• Medicines such as aspirin and acetaminophen
  • Cold air
  • Exercise

Some health problems also can trigger or make asthma symptoms worse. These include obesity, obstructive sleep apnea, acid reflux, the common cold, sinus infections, stress and depression. Let your doctor know if you have one of these conditions so you can discuss the best approach to control both your health problem and your asthma symptoms.

Use Proper Asthma Medication

Today, there are many effective medicines to treat asthma. Most people with asthma need two kinds.

  • Quick-relief medicines — taken at the first sign of any asthma symptoms for immediate relief:
    • Short-acting inhaled beta2-agonists
    • Anticholinergics

    Your doctor also may recommend you use these medicines before exercise. Quick-relief medicines can stop asthma symptoms, but they do not control airway inflammation that causes the symptoms. If you find that you need your quick-relief medicine to treat asthma symptoms more than twice a week, or two or more nights a month, then your asthma is not well controlled. Be sure to tell you doctor.

  • Long-term control medicines — taken every day to prevent symptoms and attacks:
    • Antileukotrienes or leukotriene modifiers
    • Cromolyn sodium and nedocromil
    • Inhaled corticosteroids
    • Long-acting inhaled beta2-agonists (never taken alone)
    • Methylxanthines
    • Oral corticosteroids
    • Immunomodulators

    These medicines are taken every day even if you do not have symptoms. The most effective long-term control medicines reduce airway inflammation and help improve asthma control.

Your doctor will work with you to find the right medicine, or combination of medicines, to manage your asthma, and will adjust the type and amount based on your symptoms and control. The goal is to have you feel your best with the least amount of medicine.

Consider Allergy Shots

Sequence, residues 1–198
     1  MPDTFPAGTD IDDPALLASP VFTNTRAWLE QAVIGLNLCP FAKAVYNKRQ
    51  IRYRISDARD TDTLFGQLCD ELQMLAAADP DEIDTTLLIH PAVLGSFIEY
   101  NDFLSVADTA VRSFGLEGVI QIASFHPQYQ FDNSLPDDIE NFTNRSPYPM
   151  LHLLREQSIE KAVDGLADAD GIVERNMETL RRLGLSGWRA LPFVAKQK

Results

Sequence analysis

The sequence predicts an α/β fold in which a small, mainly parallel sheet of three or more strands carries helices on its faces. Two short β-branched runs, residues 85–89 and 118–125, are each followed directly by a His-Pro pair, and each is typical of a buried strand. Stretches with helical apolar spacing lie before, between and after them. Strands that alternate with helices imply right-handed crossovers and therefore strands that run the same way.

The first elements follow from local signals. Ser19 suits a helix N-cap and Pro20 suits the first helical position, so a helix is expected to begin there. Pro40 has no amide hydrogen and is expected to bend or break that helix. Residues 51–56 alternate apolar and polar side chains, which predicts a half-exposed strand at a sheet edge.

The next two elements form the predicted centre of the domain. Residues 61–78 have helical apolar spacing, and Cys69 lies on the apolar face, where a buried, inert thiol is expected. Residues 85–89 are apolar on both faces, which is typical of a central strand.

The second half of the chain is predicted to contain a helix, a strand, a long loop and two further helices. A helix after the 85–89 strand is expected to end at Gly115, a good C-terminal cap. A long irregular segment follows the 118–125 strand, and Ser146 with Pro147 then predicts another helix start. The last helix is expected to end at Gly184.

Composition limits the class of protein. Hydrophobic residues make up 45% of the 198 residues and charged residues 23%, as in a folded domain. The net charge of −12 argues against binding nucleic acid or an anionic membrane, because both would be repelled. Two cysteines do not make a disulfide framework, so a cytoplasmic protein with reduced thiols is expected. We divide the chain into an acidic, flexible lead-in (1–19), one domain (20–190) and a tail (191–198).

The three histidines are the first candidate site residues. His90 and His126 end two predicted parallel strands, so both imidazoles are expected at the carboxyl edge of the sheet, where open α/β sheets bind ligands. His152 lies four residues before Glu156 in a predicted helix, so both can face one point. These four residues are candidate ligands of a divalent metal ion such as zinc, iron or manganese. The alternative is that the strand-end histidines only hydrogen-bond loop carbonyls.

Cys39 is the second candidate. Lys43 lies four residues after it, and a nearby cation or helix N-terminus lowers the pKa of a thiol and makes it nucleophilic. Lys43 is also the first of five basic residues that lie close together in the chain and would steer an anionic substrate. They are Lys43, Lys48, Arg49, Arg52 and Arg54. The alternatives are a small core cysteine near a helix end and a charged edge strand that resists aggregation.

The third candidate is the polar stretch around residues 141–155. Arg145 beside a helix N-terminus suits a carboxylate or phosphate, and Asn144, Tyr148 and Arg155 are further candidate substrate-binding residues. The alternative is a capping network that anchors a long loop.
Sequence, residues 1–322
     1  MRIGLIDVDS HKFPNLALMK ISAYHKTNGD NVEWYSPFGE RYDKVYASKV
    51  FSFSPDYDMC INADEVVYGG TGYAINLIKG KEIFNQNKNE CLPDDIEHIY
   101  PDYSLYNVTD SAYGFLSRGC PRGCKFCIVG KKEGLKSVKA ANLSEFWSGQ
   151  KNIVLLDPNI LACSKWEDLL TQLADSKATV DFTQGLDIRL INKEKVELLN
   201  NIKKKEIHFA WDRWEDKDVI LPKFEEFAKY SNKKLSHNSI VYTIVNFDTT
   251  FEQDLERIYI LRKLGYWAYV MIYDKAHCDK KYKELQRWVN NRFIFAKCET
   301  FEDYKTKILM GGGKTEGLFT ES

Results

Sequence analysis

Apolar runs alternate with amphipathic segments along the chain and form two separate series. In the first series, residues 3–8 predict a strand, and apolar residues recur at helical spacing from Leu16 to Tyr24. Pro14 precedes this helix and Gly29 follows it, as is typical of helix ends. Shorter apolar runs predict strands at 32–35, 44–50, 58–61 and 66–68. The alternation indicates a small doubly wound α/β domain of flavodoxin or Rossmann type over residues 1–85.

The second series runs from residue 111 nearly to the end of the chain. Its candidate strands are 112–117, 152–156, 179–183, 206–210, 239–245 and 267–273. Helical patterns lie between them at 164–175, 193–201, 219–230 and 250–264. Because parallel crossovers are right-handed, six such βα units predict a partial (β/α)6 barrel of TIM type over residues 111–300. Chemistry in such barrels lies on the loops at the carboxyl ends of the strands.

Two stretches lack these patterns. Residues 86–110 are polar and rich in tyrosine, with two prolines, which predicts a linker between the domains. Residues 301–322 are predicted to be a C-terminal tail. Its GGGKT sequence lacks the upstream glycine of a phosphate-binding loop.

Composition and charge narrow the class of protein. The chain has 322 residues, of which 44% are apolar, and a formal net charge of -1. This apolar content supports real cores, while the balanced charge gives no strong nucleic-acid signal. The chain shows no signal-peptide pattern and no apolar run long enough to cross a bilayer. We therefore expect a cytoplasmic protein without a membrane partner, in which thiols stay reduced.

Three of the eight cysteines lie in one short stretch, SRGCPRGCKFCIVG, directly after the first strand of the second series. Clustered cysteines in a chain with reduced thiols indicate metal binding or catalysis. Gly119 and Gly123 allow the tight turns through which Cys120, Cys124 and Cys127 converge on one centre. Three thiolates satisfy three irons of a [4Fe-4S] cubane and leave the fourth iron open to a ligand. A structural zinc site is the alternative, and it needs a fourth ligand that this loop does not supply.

If you cannot avoid an allergic asthma trigger and you have symptoms three days a week and more than two nights a month, you should consider allergy shots. Also known as immunotherapy, the shots are especially helpful when symptoms occur year-round or are not controlled easily by medicine.

See an Allergist, an Asthma Specialist

An allergist can help you learn more about your asthma and develop a treatment plan that works for you.

You should see an asthma specialist if you:

  • Have asthma symptoms every day and often at night that cause you to limit your activity
  • Have had a life-threatening asthma attack
  • Do not meet the goals of your asthma treatment after three to six months, or your doctor believes you are not responding to current treatment
  • Have symptoms that are unusual or hard to diagnose
  • Have conditions such as severe hay fever or sinusitis that complicate your asthma or your diagnosis
  • Need more tests to find out more about your asthma and the causes of your symptoms
  • Need more help and instruction on your treatment plan, medicines or asthma triggers
  • Might be helped by allergy shots
  • Need oral corticosteroid therapy or high-dose inhaled corticosteroids
  • Have taken oral corticosteroids more than twice in one year
  • Have stayed in a hospital because of your asthma
  • Need help to identify your asthma triggers

An asthma specialist is recommended for children ages 0 to 4 years old who have asthma symptoms every day and three to four nights or more a month, and should be considered for children who have symptoms three days or more a week and one to two nights a month.

Copyright © 2008 American College of Allergy, Asthma & Immunology ®